Final Fantasy Type-0 HD Review
I’ve got to start this one with a disclaimer of sorts. I am a Final Fantasy fan from way way back. I am talking all the way back to the good old Nintendo days. I even went so far as to hunt down and play the Japanese versions that were never actually released here. That is how much I love the series. All of this just so that you know precisely where I am coming from when I start in on story and character arcs and all of that wonderful wonderful stuff.
As for the basic rundown on the game, I can’t do it any more justice than the folks at Square-Enix have. So, according to them, Final Fantasy Type-0 HD is…
“The year 842 is the beginning of the end. In an act of unprovoked aggression, the Militesi Empire invaded the Dominion of Rubrum. Imperial dreadnoughts swarmed the skies, assailing the unsuspecting countryside under the banner of the White Tiger. From amidst the flames of the besieged dominion, the Vermilion Bird rose in defiance, her crystal granting magic and mighty eidolons that her disciples might cast out the technologically advanced aggressors.
Thrust into the tumult of war, the fate of the world and its four crystals now rests on the shoulders of fourteen brave, young warriors.”
So with that laid out for you, let me give you my impressions on things:
The story itself is what you would expect from your typical Final Fantasy fare post 2000. You are once again dropped into a world of l’Cie, Eidolons, and Crystals. That is no more than is to be expected from such a game. The confusion of it all comes in when you realize that your team isn’t the usual 3 or 6 characters, but a collection of 14 individual characters. Each one of them has specific parts to play in advancing the overall story and they have their own stories that you are expected to delve into and follow, as well. In fact, certain elements of the main story cannot be advanced without advancing the proper elements of a particular character’s individual story. It can be a bit too much. It feels overwhelming at times and can get down right frustrating if you can’t figure out precisely which character you need to access to advance the main storyline.
The gameplay isn’t what I was expecting from a Final Fantasy game. I have played Final Fantasy games for over 20 years now and I have watched as the combat system has changed and evolved over time. From the simple turn based system of Final Fantasy I, through the Active Time Battle system used in Final Fantasy VII and others, to the Conditional Turn-Based Battle system of Final Fantasy X, delved into the Real-Time Battle system used in Final Fantasy X!, and my most recent battle system encountered is that utilized by Final Fantasy Type-0 HD; called Active X Battle. A quick run down on the system is that players encounter enemies in the field and have a chance to flee before the encounter gauge fills, or, stay and fight. During the fight itself, the player controls one member of the party and other members of the party are controlled via the AI system. In Type-0 HD, the player has the option of swapping which member of the party they are controlling. You are also capable of performing co-op maneuvers and issuing special commands to the members of the party that you are not actively controlling. The system was new to me and it took a bit of time to adjust to, but even once I adjusted, I just couldn’t enjoy it. There was the option for a whole host of automation with members of the reserve squad, your selection of up to 11 of the remaining 14 members of your available squad, jumping in and taking the place of one of your primary squad members, or external characters jumping in to lend an assist during combat.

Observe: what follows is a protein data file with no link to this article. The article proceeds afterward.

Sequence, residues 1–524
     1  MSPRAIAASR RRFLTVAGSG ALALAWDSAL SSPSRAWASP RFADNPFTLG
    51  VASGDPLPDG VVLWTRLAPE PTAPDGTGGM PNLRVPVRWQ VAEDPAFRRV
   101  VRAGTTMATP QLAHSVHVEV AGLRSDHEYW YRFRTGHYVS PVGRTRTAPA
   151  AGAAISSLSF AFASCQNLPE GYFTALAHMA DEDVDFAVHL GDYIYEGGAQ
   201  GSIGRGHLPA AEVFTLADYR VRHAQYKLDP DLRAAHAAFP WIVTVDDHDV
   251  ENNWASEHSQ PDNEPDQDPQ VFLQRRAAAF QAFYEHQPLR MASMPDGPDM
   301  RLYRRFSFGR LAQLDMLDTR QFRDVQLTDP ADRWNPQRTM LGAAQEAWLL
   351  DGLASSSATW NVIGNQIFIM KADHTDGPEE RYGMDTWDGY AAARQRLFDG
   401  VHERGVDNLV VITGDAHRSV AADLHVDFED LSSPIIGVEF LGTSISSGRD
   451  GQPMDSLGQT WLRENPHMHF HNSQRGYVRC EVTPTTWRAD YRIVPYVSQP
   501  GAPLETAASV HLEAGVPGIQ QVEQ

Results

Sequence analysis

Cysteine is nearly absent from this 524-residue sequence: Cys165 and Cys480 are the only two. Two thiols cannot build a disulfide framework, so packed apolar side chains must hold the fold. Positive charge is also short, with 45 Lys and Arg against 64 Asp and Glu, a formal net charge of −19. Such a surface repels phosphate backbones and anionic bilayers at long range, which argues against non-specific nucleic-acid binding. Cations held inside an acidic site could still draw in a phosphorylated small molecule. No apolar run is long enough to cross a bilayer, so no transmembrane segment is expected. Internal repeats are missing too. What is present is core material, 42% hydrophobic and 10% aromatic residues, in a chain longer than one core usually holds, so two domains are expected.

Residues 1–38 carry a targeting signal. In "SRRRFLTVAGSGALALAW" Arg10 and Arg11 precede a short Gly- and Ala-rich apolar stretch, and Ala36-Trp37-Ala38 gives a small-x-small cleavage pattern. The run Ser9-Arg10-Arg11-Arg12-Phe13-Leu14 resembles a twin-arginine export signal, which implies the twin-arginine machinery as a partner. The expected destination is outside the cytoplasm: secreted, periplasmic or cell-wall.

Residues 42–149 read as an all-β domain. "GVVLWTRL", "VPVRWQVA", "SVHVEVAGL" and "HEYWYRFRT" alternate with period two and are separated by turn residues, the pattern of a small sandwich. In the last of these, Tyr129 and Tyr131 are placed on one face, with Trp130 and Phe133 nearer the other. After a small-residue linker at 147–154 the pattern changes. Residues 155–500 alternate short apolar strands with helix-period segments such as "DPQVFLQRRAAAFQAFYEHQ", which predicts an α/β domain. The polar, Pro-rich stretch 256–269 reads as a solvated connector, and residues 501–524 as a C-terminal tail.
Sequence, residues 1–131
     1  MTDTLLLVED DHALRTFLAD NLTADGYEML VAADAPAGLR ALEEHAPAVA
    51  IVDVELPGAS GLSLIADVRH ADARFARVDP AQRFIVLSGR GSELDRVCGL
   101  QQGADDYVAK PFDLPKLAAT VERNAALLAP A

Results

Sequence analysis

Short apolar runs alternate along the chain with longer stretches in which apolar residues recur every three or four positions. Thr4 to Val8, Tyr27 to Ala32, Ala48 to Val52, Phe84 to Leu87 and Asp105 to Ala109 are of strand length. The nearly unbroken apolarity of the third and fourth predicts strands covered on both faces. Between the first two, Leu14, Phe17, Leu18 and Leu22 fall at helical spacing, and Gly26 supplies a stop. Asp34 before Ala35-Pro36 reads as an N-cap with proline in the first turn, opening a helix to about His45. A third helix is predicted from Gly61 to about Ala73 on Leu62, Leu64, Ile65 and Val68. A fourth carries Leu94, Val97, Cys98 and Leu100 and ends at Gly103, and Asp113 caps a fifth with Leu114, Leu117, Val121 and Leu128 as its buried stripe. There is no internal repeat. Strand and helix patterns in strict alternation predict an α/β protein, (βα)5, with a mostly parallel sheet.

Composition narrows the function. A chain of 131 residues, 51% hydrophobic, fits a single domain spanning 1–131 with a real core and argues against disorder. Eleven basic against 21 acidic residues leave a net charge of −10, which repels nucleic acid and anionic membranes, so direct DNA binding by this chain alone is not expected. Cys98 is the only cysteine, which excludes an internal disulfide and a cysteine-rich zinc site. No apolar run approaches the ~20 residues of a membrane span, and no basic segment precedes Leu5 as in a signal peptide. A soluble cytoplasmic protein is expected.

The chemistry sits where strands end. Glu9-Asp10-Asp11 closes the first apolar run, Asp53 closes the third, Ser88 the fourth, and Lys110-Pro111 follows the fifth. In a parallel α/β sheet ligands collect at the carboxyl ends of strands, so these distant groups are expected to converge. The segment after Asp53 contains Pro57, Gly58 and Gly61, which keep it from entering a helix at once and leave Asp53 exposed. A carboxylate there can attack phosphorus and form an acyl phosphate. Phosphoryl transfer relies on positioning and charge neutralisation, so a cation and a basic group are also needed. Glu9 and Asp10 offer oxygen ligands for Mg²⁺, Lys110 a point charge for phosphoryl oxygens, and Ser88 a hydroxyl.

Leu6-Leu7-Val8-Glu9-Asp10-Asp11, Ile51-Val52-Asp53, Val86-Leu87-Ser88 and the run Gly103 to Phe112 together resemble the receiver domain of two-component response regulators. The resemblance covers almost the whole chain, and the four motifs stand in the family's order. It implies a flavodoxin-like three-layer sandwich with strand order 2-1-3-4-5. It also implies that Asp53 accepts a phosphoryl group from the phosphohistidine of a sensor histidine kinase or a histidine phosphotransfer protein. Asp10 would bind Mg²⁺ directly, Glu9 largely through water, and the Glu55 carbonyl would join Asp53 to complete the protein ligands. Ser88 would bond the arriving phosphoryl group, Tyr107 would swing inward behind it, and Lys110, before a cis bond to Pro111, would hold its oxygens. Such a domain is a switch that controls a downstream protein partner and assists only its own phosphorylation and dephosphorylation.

I have to say, I wasn’t thrilled with this installment in the Final Fantasy series. The change up to the combat system could be adjusted to with time, but it just didn’t have the enjoyment built into it that previous combat systems did for me. I just couldn’t get into it. I gave it more time than I probably should have thanks to it being a Final Fantasy game. Add to the less than pleasing combat system; the feeling of watching a bad, old, kung-fu movie during the cut scenes and the animation. The English voice acting didn’t fit with the characters all that well either. I would have much preferred to keep the Japanese audio and just have subtitles than to deal with the English dubbing that came with this one. The graphics themselves were spectacular, both the cinematics and the active gameplay graphics. The controls were smooth as well, but ultimately, I can’t recommend this one to my fellow PS4 gamers out there. If you happen to have a PSP, which this game was originally released for, I have a feeling that the style of gameplay and everything is much more conducive to the small screen and the portable play format.
Still, I love Final Fantasy as a series and I am going to throw time and money at XV when it hits.
As usual, if you have comments, requests, or questions, feel free to send me an email.
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